(WBIR-Jellico) A state comptroller investigation showed a former Jellico city recorder, who had told 10News she was a victim when employees didn't get a paycheck, had stolen nearly $100,000 in public funds.
In October of 2012, all 21 city employees didn't get paid. The mayor, Les Stiers, had told 10News the city's money issues were an internal error.
The former city recorder, Linda Douglas, had said it was stressful to tell her coworkers they wouldn't be getting paid that week.
"I was in tears. I went to the doctor yesterday morning because my nerves were so frayed," Douglas said to 10News. "I didn't get a paycheck, and I'm just like the others. I live paycheck to paycheck. I know how they feel."
But after cash seized in a drug arrest disappeared, the state comptroller launched an investigation, looking into records from January 1, 2011, to December 31, 2011. It found the former recorder, Linda Douglas, misspent the town's money.
"If you're stealing from your employer and you're hurting fellow employees, it kind of tugs on your heart a little bit. And then when you're lying about the whole situation, then it gets more tearful," said Stiers.
The state comptroller investigation showed Douglas had pocketed over $70,000 in cash, and misspent public funds on a variety of ways over the two-year period, including travel, gas, groceries, and gift cards.
"It's a damning report, not only for the city of Jellico but to the previous city recorder we had here," said Stiers.
Stiers said the final red flag came when six of the city's checks bounced.
"Bills and vendors hadn't been paid. Hospitalization insurance hadn't been paid. Workman's comp. So there's a plethora of a lot of issues that's domino down to this," said Stiers.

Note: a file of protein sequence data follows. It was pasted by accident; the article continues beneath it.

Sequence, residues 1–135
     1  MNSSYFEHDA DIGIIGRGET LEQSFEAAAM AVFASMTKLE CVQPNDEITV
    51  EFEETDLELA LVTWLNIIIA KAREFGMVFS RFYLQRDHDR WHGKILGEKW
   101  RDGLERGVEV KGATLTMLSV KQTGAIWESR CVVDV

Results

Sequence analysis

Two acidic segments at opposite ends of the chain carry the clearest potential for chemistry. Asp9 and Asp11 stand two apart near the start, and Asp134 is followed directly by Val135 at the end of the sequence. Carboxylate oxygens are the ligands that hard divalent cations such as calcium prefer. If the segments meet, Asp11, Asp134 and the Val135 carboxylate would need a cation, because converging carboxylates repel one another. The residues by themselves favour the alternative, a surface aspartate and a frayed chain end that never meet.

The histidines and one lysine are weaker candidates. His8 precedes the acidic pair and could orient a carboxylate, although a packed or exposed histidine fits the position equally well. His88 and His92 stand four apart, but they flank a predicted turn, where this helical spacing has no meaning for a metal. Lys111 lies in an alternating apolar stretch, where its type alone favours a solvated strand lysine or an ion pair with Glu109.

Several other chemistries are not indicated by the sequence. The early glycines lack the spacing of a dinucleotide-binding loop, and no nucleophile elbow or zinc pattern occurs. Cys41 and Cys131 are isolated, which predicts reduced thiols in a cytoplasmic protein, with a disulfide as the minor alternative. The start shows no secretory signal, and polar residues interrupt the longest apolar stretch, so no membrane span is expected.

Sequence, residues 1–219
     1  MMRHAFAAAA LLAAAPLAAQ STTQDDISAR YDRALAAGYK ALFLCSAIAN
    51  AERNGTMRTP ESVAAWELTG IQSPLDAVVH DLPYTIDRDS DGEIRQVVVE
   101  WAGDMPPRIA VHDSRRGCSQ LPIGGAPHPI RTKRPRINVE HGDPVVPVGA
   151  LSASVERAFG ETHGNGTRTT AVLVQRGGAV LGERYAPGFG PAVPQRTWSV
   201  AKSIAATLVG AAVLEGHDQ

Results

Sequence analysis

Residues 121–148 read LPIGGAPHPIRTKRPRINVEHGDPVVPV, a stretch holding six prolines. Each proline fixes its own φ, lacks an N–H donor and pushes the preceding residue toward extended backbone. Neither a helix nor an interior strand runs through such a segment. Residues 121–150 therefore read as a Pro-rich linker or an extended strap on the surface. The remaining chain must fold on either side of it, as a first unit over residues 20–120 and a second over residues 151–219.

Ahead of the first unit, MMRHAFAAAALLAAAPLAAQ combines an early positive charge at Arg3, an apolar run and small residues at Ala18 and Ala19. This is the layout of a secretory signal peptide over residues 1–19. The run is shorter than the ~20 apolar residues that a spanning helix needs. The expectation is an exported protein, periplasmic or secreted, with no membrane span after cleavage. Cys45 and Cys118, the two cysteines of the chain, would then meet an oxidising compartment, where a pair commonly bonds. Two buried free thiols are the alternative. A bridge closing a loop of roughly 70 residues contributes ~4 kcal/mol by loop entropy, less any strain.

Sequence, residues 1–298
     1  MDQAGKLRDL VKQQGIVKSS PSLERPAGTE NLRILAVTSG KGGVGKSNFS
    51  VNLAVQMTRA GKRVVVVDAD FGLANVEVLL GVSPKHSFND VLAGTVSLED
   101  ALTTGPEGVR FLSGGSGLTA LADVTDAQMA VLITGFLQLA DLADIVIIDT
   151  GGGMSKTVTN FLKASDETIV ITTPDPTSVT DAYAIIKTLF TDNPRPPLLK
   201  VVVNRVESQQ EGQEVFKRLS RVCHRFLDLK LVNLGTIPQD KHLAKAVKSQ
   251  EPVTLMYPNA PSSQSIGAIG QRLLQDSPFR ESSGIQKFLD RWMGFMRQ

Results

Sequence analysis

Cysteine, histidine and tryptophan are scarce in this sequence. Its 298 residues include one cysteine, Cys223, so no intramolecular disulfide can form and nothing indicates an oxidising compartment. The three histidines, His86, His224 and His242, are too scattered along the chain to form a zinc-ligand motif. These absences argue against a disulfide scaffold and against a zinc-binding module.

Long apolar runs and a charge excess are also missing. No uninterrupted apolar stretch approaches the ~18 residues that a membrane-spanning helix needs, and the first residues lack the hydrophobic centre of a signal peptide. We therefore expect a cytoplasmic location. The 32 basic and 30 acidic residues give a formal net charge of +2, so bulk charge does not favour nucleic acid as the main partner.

The investigation also documented over $16,000 in "questionable expenses" made by various employees.
"Every penny that's been taken, my job is to make sure that it's been returned to the city and the citizens. Because enough is enough," said Stiers. "People need to understand that while I'm here, things will be done and people will be held accountable."
The state comptroller findings noted several additional deficiencies in Jellico, including an out of date audit. Per state law, every municipal government should have an audit every two years, but an annual audit of the City of Jellico has not been published since the fiscal year ended June 30, 2011, according to the investigation.
"We should have been more attentive," said Stiers. "But, we're in better shape today."
Jellico hired a new city recorder, Jennifer Wilson, in August of 2013. She is set to finish training in July.
10News reached out to Douglas' attorney, but did not get a returned phone call for comment.
To view the full state comptroller investigation, click here.